Each of the four sections of the MCAT is scored between 118 and 132, with the mean and median at 125. This means the total score ranges from 472 to 528, with the mean and median at 501. Why such odd numbers? The AAMC stresses that this scale emphasizes the importance of the central portion of the score distribution, where most students score (around 125 per section, or 500 total), rather than putting an undue focus on the high end of the scale.

[ RELATED: 2022 MCAT Test Dates and Score Releases ]

MCAT Score Ranges (by Scoring Percentiles)

The AAMC utilizes the whole scoring scale on the exam. The exam gives a measurable proportion of students the top score of 528. The AAMC has released the correlation between scaled score and percentile.

When considering your MCAT score goal, it’s always a good idea to look at the requirements or minimums (if any) at the schools to which you’re applying. But while what is considered a good MCAT score differs from program to program, Kaplan Test Prep research shows that not doing well on the exam is the admissions factor most likely to keep you out of medical school. According to the 59 medical schools we spoke with in 2021, 38 percent said a low MCAT score is “the biggest application dealbreaker” in the primary application; a low undergraduate GPA was a close second at 36 percent.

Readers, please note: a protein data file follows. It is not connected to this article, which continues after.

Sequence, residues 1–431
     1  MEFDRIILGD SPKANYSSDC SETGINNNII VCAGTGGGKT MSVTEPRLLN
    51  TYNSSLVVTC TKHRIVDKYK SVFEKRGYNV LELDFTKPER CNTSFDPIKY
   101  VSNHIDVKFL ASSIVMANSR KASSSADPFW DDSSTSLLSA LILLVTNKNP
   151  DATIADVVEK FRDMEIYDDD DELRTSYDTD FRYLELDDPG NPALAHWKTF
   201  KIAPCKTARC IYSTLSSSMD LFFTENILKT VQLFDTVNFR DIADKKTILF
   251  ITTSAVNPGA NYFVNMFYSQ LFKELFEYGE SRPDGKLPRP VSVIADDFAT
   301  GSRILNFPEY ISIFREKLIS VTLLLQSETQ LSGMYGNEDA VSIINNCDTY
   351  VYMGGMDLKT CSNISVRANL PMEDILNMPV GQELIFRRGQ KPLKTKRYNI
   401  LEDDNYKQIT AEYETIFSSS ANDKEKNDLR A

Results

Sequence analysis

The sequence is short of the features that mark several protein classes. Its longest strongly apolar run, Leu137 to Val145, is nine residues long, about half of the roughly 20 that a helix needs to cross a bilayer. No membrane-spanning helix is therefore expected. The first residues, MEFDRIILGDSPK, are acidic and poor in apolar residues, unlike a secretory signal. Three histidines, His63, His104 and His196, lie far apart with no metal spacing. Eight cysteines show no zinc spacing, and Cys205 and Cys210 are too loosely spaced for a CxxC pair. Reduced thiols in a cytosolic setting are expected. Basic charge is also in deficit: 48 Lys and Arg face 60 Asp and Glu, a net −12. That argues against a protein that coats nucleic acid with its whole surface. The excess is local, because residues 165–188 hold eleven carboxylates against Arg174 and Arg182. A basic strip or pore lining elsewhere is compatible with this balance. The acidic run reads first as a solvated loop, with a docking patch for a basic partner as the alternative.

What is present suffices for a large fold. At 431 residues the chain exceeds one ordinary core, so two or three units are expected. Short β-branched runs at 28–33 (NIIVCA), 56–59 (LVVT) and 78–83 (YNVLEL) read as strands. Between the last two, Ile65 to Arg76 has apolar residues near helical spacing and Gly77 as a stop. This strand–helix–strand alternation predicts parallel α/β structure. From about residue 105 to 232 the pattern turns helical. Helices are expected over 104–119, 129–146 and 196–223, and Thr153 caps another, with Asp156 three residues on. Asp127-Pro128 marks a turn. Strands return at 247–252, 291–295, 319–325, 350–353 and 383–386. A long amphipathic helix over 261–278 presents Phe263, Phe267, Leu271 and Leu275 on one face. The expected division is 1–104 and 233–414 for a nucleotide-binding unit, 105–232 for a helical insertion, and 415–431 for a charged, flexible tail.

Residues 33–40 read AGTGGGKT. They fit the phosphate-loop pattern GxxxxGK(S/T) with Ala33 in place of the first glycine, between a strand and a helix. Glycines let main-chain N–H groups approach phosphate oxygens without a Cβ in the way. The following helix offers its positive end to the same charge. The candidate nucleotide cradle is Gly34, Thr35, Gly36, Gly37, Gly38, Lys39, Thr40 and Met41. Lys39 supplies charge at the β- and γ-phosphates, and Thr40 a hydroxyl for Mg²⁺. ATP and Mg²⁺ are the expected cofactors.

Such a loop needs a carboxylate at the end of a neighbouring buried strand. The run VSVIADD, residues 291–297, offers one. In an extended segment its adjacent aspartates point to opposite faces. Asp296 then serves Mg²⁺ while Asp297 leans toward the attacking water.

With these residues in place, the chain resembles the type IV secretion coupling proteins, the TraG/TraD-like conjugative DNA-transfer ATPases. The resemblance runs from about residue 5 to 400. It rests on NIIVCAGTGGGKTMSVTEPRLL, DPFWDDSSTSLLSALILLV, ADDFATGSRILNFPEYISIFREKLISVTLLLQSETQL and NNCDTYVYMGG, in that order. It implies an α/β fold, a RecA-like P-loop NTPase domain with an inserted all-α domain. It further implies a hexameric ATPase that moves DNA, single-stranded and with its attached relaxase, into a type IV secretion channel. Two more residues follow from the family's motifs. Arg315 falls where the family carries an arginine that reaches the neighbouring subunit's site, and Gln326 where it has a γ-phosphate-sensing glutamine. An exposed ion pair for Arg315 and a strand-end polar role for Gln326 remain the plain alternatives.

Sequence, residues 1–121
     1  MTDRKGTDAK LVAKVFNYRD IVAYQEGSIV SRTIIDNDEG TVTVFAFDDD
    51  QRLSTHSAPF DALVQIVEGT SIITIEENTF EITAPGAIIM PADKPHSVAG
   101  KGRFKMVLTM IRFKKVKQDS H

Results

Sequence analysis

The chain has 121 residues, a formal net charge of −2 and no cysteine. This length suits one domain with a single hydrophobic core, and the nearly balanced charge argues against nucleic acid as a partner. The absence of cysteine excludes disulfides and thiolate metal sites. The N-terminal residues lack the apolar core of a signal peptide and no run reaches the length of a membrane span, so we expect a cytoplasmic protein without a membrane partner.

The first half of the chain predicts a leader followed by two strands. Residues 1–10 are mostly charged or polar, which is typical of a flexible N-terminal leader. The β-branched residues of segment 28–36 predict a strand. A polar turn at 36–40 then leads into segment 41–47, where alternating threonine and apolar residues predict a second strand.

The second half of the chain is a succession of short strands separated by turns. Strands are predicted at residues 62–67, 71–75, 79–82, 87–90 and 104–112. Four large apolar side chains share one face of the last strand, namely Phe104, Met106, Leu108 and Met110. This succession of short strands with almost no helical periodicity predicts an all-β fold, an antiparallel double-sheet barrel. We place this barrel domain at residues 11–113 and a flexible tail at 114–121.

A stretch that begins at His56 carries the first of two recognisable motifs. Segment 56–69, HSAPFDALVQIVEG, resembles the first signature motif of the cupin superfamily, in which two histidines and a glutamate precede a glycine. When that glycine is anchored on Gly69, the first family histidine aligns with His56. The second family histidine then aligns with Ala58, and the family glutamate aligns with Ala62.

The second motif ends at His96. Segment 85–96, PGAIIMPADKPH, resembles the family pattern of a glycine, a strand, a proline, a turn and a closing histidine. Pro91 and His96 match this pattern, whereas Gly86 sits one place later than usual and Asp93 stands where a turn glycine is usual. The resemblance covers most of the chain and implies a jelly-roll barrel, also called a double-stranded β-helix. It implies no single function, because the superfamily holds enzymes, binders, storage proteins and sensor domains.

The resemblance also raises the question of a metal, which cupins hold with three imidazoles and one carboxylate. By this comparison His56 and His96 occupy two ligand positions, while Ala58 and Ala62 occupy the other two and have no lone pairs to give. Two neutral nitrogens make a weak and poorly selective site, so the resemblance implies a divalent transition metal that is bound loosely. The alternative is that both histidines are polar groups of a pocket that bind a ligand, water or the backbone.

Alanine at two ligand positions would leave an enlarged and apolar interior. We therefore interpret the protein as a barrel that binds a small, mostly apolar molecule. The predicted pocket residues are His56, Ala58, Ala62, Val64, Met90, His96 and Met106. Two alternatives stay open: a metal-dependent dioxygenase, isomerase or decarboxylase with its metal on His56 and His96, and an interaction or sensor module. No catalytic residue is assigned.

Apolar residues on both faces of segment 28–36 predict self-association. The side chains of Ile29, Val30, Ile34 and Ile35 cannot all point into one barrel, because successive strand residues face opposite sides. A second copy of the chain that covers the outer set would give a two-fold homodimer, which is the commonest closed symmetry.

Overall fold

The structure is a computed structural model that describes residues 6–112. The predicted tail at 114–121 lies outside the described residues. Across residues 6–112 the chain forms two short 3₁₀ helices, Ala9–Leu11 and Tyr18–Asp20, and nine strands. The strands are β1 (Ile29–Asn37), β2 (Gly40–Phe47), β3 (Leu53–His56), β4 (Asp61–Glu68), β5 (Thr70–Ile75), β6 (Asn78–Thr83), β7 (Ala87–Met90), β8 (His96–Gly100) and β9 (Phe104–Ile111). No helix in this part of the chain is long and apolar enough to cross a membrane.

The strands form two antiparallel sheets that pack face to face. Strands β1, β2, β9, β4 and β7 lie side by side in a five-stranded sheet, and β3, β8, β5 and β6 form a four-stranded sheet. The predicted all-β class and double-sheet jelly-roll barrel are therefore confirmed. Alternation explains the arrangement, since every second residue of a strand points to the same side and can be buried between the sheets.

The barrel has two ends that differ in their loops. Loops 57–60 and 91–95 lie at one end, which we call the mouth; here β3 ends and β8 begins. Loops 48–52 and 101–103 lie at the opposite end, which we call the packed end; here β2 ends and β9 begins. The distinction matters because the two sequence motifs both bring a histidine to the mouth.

The average MCAT total score is 501 with a standard deviation of 10.8, while the 91st percentile score is 515. As of 2022, there are 45,097 men and 50,328 women in medical school according to the AAMC.

Many factors affect your med school application, and each will help decide whether you’re admitted or rejected. Your MCAT score is just one part of your candidacy. Your undergraduate GPA, letters of recommendation, research, interviews, and personal essays will all contribute to your acceptance into your dream school.

Kaplan is the official MCAT® prep of the American Medical Student Association.